when this book was first published in 1989, it was a story produced in Britain and based mainly on research done in the Palaearctic (Britain and Eurasia), plus smaller contributions from the United States and New Zealand. British interest in natural history for its own sake goes back to Gilbert White and his clerical colleagues in the middle 1700s, who loved to observe and report on anything they saw wild animals doing as they rode around their country parishes. Later, "organized natural history" became the basis for Darwin's understanding of evolution via natural selection, and later still it became one of the roots of the science of ecology, which developed in the old-established universities in the United States and Europe from the 1920s onward.

Britain also pioneered the tradition of shooting wild-bred game birds, which required an army of professional gamekeepers to implement rigorous control of predators, including stoats and weasels. In Russia, stoats in ermine had been an important source of fur, and state-funded research programs dating back to the 1930s attempted to work out why the fur harvests varied so much from year to year. British colonists in New Zealand attempted to deal with their rabbit problem by introducing mustelids—thereby implementing a large-scale, uncontrolled practical experiment in biological control, whose consequences have since cost millions, measured in both dollars and lives. All these traditions were well represented in the first edition of this book.

Much has changed in the world since then, in the ecological sciences as much as everywhere else. One of the most astonishing changes has been the geographic shift in the sources of research papers, which in turn reflects profound changes in the way research is organized and funded. In Europe, about the same number of papers on stoats and weasels has been published every decade since the 1970s, although the subjects of interest have changed with time. But in North America, the number has been slowly declining, and in New Zealand, it has been rapidly accelerating (King 2005c).

The difference shows where the funding is. Research on native species tends to ask theoretical questions, such as (the hot topic in Europe for the last few years) the role of predation by weasels and stoats in causing the multiannual population cycles in lemmings and other small rodents. Research on introduced species tends to ask practical questions, most urgently about how the damage caused by invasive aliens to native biodiversity can be prevented or controlled. New Zealand is the only country where stoats and weasels are now regarded as important introduced pests, and the increase in state funding to support research on their biology and control since the middle 1990s has stimulated intensive research programs on these species, produced huge amounts of new information, and changed a lot of previous ideas.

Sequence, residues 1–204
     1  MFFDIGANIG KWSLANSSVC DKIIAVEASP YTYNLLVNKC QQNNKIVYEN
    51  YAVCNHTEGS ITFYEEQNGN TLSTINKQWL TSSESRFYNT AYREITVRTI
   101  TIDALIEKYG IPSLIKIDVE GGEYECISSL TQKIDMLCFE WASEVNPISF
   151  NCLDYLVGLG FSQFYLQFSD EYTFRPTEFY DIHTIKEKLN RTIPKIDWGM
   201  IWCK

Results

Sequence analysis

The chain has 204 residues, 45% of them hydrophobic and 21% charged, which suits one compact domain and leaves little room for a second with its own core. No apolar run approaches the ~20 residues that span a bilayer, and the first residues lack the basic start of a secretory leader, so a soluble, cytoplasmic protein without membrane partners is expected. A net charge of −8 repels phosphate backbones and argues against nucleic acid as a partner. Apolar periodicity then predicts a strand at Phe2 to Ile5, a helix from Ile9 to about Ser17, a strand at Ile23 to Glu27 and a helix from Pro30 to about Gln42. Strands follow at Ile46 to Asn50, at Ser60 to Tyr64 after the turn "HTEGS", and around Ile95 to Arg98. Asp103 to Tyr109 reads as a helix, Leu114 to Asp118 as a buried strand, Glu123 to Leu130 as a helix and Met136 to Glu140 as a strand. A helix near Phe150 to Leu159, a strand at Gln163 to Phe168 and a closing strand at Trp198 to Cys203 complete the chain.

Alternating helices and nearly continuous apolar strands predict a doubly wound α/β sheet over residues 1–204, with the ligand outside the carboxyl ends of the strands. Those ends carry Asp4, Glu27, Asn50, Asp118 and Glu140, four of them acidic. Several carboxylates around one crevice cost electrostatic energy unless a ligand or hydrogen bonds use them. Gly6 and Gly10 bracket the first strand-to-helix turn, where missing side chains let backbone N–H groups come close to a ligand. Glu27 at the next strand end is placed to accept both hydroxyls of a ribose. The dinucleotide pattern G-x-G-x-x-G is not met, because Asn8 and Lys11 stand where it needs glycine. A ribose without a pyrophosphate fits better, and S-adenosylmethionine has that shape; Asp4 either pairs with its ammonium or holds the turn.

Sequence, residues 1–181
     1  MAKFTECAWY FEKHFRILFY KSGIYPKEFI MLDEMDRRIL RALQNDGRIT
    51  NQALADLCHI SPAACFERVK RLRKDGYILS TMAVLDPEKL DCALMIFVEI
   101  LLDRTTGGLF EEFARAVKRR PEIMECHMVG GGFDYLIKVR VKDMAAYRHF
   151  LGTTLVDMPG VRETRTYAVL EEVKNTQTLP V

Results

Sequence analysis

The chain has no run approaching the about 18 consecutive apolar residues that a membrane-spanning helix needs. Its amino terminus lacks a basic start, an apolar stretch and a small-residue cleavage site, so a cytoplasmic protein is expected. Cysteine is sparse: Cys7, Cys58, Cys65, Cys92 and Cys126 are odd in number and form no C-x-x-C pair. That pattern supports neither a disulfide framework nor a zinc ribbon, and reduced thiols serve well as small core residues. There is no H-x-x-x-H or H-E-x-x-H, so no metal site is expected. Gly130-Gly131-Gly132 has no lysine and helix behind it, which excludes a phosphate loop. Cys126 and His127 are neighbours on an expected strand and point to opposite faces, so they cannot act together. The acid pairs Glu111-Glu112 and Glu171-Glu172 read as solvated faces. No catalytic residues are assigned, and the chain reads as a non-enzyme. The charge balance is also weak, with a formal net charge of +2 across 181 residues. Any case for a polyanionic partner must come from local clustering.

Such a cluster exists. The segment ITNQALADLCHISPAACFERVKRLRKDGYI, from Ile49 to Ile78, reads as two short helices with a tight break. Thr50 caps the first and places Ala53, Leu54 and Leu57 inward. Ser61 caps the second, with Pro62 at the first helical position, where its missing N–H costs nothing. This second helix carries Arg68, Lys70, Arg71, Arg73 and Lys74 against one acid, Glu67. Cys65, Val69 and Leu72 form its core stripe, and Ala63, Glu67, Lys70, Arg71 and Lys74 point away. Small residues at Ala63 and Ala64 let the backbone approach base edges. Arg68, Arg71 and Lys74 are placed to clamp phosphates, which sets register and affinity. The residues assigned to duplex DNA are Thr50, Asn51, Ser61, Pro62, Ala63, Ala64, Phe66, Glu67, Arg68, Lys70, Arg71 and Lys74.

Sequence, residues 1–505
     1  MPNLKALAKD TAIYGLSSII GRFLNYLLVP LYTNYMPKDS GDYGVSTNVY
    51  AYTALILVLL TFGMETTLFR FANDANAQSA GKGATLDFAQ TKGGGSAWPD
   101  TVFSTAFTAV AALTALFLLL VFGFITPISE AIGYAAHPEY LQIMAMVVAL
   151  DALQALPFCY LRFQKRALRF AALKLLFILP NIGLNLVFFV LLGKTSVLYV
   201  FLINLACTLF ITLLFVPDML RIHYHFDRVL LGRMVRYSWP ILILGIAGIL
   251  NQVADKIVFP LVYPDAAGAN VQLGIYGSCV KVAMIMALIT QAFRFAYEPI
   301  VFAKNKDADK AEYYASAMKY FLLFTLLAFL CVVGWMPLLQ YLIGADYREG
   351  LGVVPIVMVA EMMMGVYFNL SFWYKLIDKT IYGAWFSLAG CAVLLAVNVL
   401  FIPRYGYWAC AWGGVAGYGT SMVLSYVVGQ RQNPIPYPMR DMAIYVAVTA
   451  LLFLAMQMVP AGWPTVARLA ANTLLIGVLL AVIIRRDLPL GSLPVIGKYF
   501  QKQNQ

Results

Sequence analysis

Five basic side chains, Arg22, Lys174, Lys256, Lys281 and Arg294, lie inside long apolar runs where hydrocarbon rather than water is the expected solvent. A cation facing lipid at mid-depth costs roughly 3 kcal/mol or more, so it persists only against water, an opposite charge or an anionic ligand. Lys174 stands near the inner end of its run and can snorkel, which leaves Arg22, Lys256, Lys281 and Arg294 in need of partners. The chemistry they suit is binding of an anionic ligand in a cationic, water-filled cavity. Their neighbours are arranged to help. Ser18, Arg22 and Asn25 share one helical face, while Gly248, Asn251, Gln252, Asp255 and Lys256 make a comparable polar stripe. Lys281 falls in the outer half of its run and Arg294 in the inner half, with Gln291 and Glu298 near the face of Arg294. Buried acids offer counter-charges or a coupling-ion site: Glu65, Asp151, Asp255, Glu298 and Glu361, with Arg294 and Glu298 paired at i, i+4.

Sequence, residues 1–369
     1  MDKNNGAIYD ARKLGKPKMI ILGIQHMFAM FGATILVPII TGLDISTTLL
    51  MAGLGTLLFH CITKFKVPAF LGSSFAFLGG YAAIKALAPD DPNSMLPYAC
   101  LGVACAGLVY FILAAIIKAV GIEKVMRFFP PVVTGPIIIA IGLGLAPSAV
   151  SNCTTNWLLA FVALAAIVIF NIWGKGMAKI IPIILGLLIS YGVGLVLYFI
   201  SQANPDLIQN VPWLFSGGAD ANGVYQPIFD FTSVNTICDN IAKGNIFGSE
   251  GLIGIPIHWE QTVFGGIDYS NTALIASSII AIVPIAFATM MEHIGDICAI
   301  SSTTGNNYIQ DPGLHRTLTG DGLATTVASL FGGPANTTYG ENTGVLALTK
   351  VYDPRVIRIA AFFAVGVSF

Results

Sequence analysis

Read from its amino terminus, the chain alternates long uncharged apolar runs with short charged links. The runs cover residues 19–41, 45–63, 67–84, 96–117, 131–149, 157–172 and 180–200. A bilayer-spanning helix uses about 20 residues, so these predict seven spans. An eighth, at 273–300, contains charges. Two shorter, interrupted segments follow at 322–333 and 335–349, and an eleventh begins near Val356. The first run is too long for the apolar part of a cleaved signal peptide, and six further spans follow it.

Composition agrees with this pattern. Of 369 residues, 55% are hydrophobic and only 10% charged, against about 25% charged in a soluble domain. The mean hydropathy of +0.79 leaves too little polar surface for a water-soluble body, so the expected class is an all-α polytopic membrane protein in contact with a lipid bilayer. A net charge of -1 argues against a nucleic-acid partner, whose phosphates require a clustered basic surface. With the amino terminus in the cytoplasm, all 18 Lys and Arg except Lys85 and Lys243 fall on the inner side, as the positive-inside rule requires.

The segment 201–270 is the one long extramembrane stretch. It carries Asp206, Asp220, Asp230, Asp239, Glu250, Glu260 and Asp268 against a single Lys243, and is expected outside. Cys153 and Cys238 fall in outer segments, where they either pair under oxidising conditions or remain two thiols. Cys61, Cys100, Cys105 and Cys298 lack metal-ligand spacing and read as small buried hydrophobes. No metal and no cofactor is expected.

The first edition of this book was produced in Britain and sold in North America as a coproduction, but this new edition of the book is produced in the United States and copublished in Britain and New Zealand. While it still owes a great deal to its British foundations, it is now much more consciously a North American book. The core zoological descriptions remain the same, as they must, but to illustrate them, stories about British gamekeepers are supplemented with early North American observations and recent studies from New Zealand. Basic facts about the species are included wherever they came from, so we have formulated the questions that arise from the facts in terms that should appeal to readers everywhere, but we hope the new version might stimulate more research on these fascinating animals in North America.

In the end, we have tried to write a book that is not only a thorough scientific reference about weasels, but also a book that provides the general public with a way to learn about these marvellous, intriguing critters.

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